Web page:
Some Grandview residents have interactions with local public officials, and wonder just how a person ends up an elected council member or board seat holder. A much smaller number actively try to run for office. How does that work in Grandview Heights?
Brandon Lynaugh decided he needed to try for the city council during the fall 2015 election. He didn’t win, but got a valuable lesson is what is needed to run for a public office. I asked him questions about that run.
Making the decision to run
J.W.: How did you come up with the idea of running?
Brandon Lynaugh : There were a lot of factors that led me to run for GH city council. First and foremost it was a desire to serve a community that my family and I have a deep appreciation for. Like a lot of folks in Grandview, we originally came because of the school system. Over the last decade we’ve come to appreciate the community even more and I wanted to do my part to give back to it.
While the desire to serve should be at the core of anyone’s decision to run for local office, I was also driven by an interest to give the community a choice in who represents them. I’ve lived here a decade and never once had a candidate for local office knocked on my door. It’s no real surprise as the previous two elections for council were entirely uncontested. No need to campaign when you don’t have any competition I guess? That bothered me.
And finally, I thought I had a background and approach that would be an asset to council. It wasn’t to stroke an ego or to set up some future race for higher office as sometimes is the case with local campaigns. I recognized that if elected, I was there to represent the interests of the entire community as best I could and I was excited by that challenge.
J.W. Did people contact you to encourage you to run?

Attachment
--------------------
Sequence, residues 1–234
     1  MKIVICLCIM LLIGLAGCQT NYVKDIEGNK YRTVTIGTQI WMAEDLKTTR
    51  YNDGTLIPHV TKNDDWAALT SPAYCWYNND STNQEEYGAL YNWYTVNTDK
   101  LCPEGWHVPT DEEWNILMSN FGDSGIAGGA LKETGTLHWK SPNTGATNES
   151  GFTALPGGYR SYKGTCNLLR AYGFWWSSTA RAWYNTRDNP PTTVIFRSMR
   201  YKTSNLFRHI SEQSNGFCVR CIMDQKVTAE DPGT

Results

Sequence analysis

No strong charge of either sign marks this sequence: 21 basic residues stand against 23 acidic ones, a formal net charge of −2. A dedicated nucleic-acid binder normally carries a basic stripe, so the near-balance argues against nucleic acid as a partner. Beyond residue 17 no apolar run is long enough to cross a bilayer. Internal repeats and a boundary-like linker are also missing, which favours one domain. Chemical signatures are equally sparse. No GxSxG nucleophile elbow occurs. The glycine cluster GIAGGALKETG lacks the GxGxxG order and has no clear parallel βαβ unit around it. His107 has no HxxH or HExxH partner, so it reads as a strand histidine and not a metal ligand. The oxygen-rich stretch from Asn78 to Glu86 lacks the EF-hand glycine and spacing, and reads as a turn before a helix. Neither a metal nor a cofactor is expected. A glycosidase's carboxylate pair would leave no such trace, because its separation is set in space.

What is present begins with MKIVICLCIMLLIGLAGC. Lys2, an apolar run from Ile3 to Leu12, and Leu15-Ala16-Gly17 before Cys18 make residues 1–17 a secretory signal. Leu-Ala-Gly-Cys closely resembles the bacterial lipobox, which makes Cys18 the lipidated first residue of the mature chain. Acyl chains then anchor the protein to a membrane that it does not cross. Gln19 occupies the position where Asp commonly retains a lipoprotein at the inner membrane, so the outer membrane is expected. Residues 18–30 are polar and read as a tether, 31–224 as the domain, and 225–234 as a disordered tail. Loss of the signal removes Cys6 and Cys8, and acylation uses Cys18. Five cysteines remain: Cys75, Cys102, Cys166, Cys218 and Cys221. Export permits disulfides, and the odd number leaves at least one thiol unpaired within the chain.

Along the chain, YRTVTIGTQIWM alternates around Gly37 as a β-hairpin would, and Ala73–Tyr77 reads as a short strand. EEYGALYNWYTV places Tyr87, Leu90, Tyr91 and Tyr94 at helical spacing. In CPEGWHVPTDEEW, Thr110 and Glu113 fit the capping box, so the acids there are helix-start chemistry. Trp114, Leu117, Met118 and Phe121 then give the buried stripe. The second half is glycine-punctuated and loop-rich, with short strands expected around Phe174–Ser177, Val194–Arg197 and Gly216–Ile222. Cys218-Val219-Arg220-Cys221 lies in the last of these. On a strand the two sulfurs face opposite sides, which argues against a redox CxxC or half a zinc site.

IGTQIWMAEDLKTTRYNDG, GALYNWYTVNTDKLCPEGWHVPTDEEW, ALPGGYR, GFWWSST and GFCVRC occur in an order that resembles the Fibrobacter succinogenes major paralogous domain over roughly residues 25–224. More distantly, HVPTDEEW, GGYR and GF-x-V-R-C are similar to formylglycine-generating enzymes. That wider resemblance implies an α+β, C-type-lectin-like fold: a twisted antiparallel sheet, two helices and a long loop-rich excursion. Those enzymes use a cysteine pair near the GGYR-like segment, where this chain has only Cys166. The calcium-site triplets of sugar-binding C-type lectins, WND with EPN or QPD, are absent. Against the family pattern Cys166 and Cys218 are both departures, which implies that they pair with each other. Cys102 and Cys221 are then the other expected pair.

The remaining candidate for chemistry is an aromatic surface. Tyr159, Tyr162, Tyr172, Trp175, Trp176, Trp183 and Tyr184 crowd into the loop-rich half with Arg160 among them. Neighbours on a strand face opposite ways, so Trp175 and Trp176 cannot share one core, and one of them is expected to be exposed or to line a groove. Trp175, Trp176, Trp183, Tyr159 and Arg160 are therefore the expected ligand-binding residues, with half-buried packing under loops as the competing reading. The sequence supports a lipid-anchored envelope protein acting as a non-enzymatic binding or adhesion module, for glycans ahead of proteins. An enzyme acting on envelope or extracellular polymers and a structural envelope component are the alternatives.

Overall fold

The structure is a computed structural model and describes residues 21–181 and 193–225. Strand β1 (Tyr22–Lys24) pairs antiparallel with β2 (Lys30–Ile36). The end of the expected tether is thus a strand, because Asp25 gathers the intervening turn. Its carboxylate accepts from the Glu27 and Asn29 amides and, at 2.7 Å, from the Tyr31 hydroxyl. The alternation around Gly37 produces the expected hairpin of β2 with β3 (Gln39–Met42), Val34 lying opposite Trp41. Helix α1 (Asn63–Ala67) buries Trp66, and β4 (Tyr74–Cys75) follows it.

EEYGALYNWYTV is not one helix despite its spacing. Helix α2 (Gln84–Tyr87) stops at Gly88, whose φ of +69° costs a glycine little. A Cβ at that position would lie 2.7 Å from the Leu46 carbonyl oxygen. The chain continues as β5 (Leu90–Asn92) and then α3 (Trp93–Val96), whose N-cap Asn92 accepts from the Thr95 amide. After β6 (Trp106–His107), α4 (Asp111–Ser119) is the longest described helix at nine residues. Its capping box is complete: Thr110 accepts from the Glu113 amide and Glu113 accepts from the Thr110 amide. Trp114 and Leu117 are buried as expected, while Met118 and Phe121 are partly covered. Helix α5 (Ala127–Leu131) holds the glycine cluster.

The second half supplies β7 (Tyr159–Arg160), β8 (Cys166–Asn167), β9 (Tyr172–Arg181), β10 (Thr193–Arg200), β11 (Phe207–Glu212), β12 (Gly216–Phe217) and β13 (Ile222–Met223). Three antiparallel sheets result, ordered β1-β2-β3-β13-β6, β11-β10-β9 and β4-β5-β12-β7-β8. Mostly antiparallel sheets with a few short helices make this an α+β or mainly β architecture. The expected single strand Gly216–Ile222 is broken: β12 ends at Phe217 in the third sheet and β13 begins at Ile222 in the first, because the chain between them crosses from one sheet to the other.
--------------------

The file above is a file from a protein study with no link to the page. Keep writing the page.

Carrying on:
B.L.: I probably have talked about it with friends and neighbors for a couple years, but nothing too serious. It wasn’t until I worked on the last school levy campaign did I start to think I might make a go of it. But the final decision came after a porch visit by a longtime friend/neighbor. I’ve told a lot of people that it was a combination of civic pride and a little red wine.
J.W.: Was the paperwork easy? How did the petition to be placed on the ballot go?
B.L.: The process can be a bit tedious. Depending on whether you intend to raise/spend campaign funds the first thing you need to do is file a designation of treasurer with the Franklin County Board of Elections. You’ll then need to collect fifty valid signatures from registered voters in Grandview Heights. I think I collected about one hundred to be safe. Every year there are stories of candidates that fail to make the ballot because of errors with their petitions. The Board of Elections does a good job of instructing candidates on the do’s and don’ts, but it was still nerve-racking to turn them in.
Other than getting certified for the ballot, the big paperwork requirements are campaign finance reports and an ethics/financial disclosure form that all candidates and elected officials have to fill out. The disclosure form is designed to prevent conflicts of interest. The campaign finance requirements include pre-election and post-election filings of every dollar raised and spent. Sounds like a hassle, but once you get the hang of it it is fine.
Finding the Guru